Dan has been in the HVAC industry for 23 years, with experience ranging from installation and service to sales and distribution.
Frozen Pipes Causing You Stress?
Enter Old Man Winter...and all that comes with him. For instance, broken water lines that are now making a pool out of your basement.
You need to get that fixed and fast! Can't afford a plumber? Well, you've come to the right place.
I'm going to show you how to fix your leak, or even add in a new water line, without any torches or high-cost specialty tools at all. No experience required. You can fix that leak and move on with getting your life back in order. Whether it's copper, cpvc or "pex", push fittings (a.k.a. "SharkBites") have made it simple to complete nearly any repair or improvement needed to your water piping system.
Come on. I'll show you.
Installing a Push Fitting
How to Install a "SharkBite" Fitting
Using a push fitting couldn't be simpler. The name says it all. Just "push" the push fitting onto the pipe you are connecting to. You should feel it sort of click or grab the pipe twice once it's on all the way. Of course, make sure the end of the pipe is round and smooth to ensure a good fit, but it doesn't even have to be dry!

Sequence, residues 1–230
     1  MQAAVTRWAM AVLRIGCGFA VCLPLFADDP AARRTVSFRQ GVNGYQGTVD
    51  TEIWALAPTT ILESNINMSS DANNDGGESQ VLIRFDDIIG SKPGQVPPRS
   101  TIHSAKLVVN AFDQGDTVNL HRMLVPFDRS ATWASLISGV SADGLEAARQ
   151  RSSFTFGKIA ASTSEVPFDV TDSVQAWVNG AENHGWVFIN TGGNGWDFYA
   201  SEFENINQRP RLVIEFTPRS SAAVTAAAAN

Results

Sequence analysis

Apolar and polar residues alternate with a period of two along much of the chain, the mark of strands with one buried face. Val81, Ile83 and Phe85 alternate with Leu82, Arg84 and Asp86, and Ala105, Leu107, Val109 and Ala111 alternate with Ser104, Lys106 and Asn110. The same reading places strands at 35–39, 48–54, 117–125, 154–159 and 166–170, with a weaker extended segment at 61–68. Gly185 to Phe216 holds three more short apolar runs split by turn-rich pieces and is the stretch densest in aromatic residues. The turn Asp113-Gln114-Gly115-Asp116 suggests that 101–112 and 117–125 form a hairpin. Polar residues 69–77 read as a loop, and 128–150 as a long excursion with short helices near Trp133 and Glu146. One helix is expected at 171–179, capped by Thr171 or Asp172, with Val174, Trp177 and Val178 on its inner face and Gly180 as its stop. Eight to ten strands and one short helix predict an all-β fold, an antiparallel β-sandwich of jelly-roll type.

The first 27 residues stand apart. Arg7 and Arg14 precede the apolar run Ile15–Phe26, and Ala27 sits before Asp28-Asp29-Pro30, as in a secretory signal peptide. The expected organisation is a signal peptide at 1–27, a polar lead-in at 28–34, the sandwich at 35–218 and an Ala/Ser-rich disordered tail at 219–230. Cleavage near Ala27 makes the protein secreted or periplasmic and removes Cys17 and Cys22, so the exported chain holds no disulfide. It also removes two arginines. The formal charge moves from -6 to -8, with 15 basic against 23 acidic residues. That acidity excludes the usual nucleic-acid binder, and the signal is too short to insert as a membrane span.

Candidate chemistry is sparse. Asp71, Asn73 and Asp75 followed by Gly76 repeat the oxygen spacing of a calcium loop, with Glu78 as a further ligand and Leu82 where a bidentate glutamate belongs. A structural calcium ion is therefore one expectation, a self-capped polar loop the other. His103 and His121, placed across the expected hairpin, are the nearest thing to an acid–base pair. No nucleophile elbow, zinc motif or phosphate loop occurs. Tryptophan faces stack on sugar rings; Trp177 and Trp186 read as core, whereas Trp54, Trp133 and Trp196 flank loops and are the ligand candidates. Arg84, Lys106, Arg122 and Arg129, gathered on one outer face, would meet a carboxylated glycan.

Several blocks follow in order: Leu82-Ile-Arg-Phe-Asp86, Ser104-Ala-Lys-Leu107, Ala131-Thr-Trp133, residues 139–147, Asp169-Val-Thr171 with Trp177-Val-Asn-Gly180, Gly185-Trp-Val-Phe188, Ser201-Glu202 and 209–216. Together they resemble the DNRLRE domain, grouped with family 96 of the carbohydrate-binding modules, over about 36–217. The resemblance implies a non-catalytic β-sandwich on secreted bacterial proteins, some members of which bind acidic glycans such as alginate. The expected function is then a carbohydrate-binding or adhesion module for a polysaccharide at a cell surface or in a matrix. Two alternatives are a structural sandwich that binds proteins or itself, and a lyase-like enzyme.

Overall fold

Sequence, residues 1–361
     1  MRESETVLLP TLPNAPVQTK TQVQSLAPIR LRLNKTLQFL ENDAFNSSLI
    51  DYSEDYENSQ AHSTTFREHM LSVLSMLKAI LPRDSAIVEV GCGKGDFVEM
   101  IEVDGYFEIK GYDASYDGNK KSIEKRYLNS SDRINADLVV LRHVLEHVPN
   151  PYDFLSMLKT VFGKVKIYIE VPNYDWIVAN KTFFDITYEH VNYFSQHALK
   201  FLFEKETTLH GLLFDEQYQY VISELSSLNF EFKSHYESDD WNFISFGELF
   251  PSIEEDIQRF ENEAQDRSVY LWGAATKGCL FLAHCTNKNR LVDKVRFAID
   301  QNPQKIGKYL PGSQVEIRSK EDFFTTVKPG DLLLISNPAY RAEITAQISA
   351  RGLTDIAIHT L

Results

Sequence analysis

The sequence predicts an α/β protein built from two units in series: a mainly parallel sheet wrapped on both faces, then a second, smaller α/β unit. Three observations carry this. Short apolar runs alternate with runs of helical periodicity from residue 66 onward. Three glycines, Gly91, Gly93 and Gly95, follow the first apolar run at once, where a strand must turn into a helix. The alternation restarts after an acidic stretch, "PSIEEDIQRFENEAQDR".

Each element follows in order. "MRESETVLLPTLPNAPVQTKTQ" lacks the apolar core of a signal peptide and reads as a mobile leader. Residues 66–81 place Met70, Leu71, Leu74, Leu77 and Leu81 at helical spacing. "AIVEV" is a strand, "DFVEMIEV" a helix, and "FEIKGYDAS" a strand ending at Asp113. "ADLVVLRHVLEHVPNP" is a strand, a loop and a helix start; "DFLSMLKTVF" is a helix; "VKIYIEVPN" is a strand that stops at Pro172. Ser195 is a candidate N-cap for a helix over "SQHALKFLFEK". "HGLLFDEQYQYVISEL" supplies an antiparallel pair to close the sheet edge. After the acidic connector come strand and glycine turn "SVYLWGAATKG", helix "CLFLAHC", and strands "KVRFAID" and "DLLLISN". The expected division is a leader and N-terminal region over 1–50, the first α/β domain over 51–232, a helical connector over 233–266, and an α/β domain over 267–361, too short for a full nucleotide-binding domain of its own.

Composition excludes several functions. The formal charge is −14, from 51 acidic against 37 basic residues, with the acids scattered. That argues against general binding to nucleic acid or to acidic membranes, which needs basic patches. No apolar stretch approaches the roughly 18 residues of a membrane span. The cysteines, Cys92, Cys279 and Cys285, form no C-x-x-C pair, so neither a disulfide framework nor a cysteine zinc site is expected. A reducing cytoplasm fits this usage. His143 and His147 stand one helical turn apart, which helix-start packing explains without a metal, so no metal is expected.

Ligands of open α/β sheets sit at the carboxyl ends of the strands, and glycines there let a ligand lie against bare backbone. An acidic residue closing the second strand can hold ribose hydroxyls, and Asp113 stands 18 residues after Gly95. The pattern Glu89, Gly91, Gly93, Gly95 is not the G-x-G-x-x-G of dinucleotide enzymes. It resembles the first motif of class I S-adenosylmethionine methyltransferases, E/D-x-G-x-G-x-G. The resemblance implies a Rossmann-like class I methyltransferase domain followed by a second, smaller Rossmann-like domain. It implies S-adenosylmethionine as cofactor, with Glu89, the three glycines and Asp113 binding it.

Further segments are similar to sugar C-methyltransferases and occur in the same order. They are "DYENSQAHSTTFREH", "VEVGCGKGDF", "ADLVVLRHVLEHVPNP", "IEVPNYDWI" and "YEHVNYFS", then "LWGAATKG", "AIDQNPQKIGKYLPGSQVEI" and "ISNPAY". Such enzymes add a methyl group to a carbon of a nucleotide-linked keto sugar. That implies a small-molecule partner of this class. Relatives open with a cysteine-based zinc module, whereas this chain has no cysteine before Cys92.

Consider keeping an assortment of SharkBite fittings on hand, like the one pictured below, so that you can quickly repair any issue as it comes along.
How to Cut Pipe (Video)
Tools for Cutting Pipes
How to Cut Water Lines Properly
Though this article is simple to follow and easy to understand, there are a couple of things we need to be sure you do properly to avoid further complications. One of these things is cutting the pipe. It sounds simple, and it is, but if it isn't done properly it can throw a wrench into the whole process.
- Plastic Pipes: For plastic pipes like cpvc and what is commonly called Pex, or flexible water line, all you need is a plastic tubing cutter. (See photo) Much like scissors, simply place the cutters around the pipe and apply a bit of pressure while rocking them back and forth on the pipe. Once you've cut through the surface a bit, just squeeze and your pipe will be cut.
- Copper Pipes: Copper pipes are easy to cut too but one thing you need to keep in mind is if you rush this cut, you'll oval out the pipe and your new fitting won't work. Cutting copper requires a "copper tubing cutter" that you place on the piping. Snug it down and rotate the cutter all the way around the pipe 3 or 4 times. Now, snug it down a little more and repeat this process until the cutter severs the pipe all the way around leaving a nice clean edge for your new push fitting. Over-tightening the cutter is what will cause the pipe to oval. Just take your time.
Is there a plumber in you?
Quick Step Guide to Repairing A Water Leak Using Push Fittings
- Locate the leak
- Shut off the water to that section or the whole house if you must
- Head to the hardware store to pick up what you need
- Cut out the bad section of piping
- Sand the ends of the pipe connections so they are smooth for your new fitting